Atmosphere is so important, that it can turn an otherwise average film into a great one. And vice versa. Occasionally I will watch a film that I think is okay, no great shakes, but not bad. Then weeks later it will creep back into my head and I have to watch it one more time. This happens again and again. I tell myself that it's not that great yet I can't help myself. The Pack is a great example of a film that has stuck with me. The atmosphere makes it an experience that I just want to spend time with. Compare this with a film like Peacock that has many good qualities, and I was pleased to have watched it, but it doesn't have what it takes to bring me back time after time.

So what is the mystery ingredient? Well it's something that is distinctly lacking in modern horrors: the film stock used. There's something about the look of older films - from the seventies especially - that is stunningly gorgeous and incredibly cinematic. This is probably why no-one wants a remake of Suspiria. It would look way too shiny and antiseptic, whereas the original is rich, lush, saturated and very atmospheric. The Fulci zombie films are other fine examples. I would possibly argue that the recent blu-ray of The Beyond, while still a delight to behold, still misses a bit of grain. They should transfer a copy from VHS, or a dodgy old print as an extra just to bring back that forbidden feeling of the video nasty. I'd watch it. Modern film stocks are just too good. They are perfect for glossy science fiction epics and the Marvel superhero films, but completely lack any atmosphere for horrors. At the other end of the scale, low budget horrors shot in a digital format feel completely soulless. So modern horrors have got that hurdle to overcome before they even start.

Music, as a major contributor to the overall atmosphere, is another area where modern horrors are found wanting. Can you think of a great soundtrack to a new horror film? I can't. Going back to The Beyond, I would argue that without the haunting score it would get a lot lower rating than with the usual death metal type score that have been desperately overused in low budget zombie films now. (And indeed some big budget zombie films - the remake of Dawn of the Dead perhaps?) It would go from 10/10 to probably 5/10. The music is that important to me. In the same way that modern production techniques and film stocks spoil horror films, modern music production techniques also work against them. Great for techno type stuff, that should be cutting edge shiny, but useless for creating any kind of disturbing feelings in the audience. Horror benefits greatly from analogue media.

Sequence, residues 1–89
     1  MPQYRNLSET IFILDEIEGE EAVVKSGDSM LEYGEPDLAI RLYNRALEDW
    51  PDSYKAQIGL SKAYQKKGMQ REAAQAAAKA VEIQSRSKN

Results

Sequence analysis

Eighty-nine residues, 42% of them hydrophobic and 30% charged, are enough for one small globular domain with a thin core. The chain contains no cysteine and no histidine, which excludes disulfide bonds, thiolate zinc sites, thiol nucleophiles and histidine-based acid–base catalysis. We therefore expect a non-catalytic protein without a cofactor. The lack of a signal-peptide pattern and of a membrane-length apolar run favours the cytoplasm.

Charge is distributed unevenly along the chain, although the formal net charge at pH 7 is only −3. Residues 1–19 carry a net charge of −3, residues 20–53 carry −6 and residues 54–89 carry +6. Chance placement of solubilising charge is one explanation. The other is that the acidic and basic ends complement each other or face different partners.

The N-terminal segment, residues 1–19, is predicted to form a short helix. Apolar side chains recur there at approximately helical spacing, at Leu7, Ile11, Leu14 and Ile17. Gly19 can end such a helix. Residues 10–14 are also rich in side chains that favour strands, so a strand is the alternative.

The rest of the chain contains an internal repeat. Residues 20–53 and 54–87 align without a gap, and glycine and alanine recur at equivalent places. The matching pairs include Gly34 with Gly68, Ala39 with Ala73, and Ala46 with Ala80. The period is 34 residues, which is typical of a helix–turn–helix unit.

Over the coming year I'm going to watch a fair few horror films, both old and new, and try to find one that I love. Just one and I'd be happy. If anyone out there knows of a horror film (recent or otherwise) with a great atmosphere, let me know and I'll give it a try. I'm desperate to find one but I seem to be struggling. 

Next time we'll have a look at another aspect of horror films that used to be great but is now a bit duff. See you then.


Related Reading:
Review - The Living Dead at Manchester Morgue
Review - The Beyond
Review - Deep Red
Review - The Mist
Review - Quatermass and the Pit
Review - The Pack (Doccortex review)
Review - The Pack (evlkeith review)
Review - Dawn of the Dead (2004)
Feature - Celluloid Screams 2014

Sunday, 8 February 2015

Mini-Review - Stalker (1979 - Dir. Andrei Tarkovsky)

If you appreciate and get this film (as many people seem to) then that's all well and good. For me it was two and a half hours of people wandering around in fields, stopping for a long chat about existential type stuff that for me was virtually indecipherable, and then having another little wander around. And then another little chat.
Some beautiful visuals made it watchable, but despite the massive presence of fog it was strangely lacking in atmosphere. This is my first Tarkovsky film and I'm not that keen. When I'm after my slow ponderous film fix I think I'll stick with a bit of Werner Herzog.